I would say that we’re seeing a lot of good culture change happening already. What’s been interesting to me is that in an industry that has been relatively slow to adopt new technology, what seems to be one of the top conversations at the executive level is digital transformation. While typically pharma lags behind, e.g. in adopting cloud technology, it feels like that’s accelerating and they’re actually moving much faster than they have in the past. For me that’s indicative of an industry that’s going through a seismic change, and that’s really positive.
What do you envision the position of companies like Medidata being in the industry over the next five years?
I’d like to envision us as playing a central role! Right now we have 1,100 customers, we run concurrently about 6,000 clinical trials, with 18 of the top 25 pharma and a big smattering of the top 100. We hold in our data centres their entire future revenue stream and IP. That’s an interesting place to be. I’d like to think of us as the connecting tissue and infrastructure they live on.
The data that companies have looked at historically has been very narrow. They’re now looking at much broader datasets – that’s happening because of regulatory departments shifting, it’s happening because the payers are requiring it and it’s happening because patients are actually speaking up about quality of life issues. You take that together and you see that the way they utilise technology, the kind of technology they utilise, is going to shift in the next decade, where we can be the underlying infrastructure but we can also provide a lot of knowledge that helps them make better decisions faster.
If you want to be successful in a world of precision medicine you need to close that loop between development and commercial and I think we’re in a very good position to help do that.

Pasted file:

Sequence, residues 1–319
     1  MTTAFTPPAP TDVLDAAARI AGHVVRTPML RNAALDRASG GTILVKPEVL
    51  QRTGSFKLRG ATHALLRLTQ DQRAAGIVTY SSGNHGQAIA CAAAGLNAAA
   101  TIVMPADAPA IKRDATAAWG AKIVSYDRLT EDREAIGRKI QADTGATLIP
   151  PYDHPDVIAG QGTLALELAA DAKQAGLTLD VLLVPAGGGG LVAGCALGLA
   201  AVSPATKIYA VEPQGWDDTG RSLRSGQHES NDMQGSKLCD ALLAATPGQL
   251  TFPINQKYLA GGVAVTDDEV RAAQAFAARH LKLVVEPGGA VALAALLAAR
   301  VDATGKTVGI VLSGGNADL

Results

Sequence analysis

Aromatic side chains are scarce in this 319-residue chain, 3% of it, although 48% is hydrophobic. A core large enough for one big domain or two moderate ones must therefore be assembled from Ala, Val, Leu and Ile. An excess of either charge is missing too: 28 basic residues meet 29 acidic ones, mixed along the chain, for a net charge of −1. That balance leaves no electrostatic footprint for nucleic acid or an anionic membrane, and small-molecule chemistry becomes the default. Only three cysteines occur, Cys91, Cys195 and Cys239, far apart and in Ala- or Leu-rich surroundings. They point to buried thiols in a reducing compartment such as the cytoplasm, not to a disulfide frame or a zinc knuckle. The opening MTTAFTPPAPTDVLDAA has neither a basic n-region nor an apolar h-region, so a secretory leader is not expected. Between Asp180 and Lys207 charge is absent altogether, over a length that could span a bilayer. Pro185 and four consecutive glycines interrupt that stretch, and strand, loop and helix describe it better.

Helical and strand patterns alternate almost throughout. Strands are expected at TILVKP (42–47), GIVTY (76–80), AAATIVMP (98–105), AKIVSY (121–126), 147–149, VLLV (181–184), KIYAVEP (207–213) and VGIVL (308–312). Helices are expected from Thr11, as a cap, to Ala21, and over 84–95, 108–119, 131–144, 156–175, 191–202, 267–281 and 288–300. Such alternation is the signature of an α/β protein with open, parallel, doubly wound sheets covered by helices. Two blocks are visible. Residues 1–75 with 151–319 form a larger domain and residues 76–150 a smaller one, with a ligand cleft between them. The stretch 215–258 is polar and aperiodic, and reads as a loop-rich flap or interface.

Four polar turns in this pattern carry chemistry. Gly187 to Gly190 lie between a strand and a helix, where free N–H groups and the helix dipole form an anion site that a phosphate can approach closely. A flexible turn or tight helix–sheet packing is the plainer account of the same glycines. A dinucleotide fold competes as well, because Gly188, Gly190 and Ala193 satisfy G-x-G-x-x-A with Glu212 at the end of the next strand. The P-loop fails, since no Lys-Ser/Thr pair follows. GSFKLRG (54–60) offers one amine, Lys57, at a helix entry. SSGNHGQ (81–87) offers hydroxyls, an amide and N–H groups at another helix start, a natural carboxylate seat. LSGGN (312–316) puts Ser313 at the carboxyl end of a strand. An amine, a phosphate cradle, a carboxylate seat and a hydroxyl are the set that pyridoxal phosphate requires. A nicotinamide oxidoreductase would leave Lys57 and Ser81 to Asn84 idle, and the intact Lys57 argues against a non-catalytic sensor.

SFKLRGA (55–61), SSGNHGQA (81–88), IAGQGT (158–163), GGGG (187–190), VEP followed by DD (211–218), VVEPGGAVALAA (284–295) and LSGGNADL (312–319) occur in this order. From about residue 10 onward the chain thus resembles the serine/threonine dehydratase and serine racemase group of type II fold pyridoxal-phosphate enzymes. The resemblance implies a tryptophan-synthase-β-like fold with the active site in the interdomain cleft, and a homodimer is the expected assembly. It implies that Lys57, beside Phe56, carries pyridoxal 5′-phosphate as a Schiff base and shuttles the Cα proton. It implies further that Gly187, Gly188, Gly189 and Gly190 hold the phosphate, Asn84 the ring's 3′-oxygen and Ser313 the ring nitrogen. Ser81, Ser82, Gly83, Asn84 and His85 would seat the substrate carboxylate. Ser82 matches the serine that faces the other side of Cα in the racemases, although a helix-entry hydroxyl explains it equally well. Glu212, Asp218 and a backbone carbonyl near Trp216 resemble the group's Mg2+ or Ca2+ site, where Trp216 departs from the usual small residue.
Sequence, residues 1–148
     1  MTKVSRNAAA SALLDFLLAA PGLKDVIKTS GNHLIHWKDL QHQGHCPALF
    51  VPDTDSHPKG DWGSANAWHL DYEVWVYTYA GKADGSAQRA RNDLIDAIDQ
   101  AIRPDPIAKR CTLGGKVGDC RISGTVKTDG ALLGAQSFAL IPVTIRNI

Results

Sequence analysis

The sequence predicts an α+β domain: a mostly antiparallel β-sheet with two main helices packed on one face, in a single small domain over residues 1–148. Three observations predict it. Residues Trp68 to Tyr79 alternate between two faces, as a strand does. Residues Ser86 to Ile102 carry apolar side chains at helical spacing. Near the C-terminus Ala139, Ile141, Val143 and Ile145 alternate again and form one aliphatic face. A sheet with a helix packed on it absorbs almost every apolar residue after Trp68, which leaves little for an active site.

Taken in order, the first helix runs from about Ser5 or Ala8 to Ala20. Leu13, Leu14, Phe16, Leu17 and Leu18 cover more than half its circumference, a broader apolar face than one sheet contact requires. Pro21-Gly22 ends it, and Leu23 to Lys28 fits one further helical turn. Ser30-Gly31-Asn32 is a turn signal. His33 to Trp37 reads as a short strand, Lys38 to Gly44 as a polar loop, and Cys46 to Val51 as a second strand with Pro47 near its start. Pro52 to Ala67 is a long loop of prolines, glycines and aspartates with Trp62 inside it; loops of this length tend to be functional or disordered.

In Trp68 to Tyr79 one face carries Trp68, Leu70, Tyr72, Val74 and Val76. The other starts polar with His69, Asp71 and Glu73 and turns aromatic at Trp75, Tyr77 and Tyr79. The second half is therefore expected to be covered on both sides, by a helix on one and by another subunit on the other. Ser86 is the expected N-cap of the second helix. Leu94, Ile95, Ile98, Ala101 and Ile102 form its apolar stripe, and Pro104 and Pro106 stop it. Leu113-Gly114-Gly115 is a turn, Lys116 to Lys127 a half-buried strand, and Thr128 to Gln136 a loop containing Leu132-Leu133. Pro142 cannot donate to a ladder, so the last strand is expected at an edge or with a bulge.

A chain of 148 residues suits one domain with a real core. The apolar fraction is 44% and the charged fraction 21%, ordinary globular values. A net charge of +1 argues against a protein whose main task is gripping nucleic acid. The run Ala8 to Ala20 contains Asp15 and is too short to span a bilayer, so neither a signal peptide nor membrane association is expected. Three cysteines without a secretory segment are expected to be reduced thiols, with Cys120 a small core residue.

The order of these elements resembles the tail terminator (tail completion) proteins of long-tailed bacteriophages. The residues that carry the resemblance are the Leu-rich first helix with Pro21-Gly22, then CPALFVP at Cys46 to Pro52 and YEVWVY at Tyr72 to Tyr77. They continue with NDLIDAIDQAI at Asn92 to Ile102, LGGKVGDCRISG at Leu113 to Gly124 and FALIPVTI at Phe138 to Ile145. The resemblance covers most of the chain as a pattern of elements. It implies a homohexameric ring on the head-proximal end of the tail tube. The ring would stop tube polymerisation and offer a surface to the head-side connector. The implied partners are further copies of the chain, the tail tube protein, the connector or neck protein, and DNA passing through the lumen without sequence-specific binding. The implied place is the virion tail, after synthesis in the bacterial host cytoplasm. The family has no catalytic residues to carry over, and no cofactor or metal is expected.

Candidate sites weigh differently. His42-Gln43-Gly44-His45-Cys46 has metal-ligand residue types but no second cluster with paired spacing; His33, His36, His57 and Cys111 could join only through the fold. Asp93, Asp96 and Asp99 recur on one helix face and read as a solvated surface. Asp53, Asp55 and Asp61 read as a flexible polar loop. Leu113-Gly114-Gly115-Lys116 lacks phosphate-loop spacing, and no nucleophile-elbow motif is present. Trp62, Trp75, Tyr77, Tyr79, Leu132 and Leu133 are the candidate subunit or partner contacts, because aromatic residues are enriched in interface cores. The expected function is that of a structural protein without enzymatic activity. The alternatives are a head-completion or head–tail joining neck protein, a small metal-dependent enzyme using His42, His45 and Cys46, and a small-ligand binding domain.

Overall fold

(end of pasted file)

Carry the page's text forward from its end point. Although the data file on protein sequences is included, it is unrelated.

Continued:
What do you think are going to be the biggest challenges for the industry in the next few years?
The large amounts of process change with companies is one of them. The regulatory environments are an interesting challenge because on the one hand you have regulators like the FDA asking companies to move faster, but then you have the cross-current of data privacy questions coming up where you are required now to house data in different geographic areas around the world. The power from the data comes from combining it, so if you’re being kept from doing that it’s a risk. Clinical trials tend to be carved out but not always, and that’s because the regulatory framework is just starting to evolve; data privacy is a new enough concept that regulations aren’t that granular yet. So that’s a big potential challenge.
The other is that the technology is still evolving. People like to talk about things like artificial intelligence, and you can throw the words around, but the reality is that five years from now technology is going to be much more sophisticated than it is today. I think it’ll actually make the adoption easier, but you’ll also need very sophisticated techniques, more sophisticated that what we have today, to actually get useful information from that data. So that’s both an opportunity and a risk.
Tarek Sherif was speaking at the 2018 Medidata NEXT conference in New York in October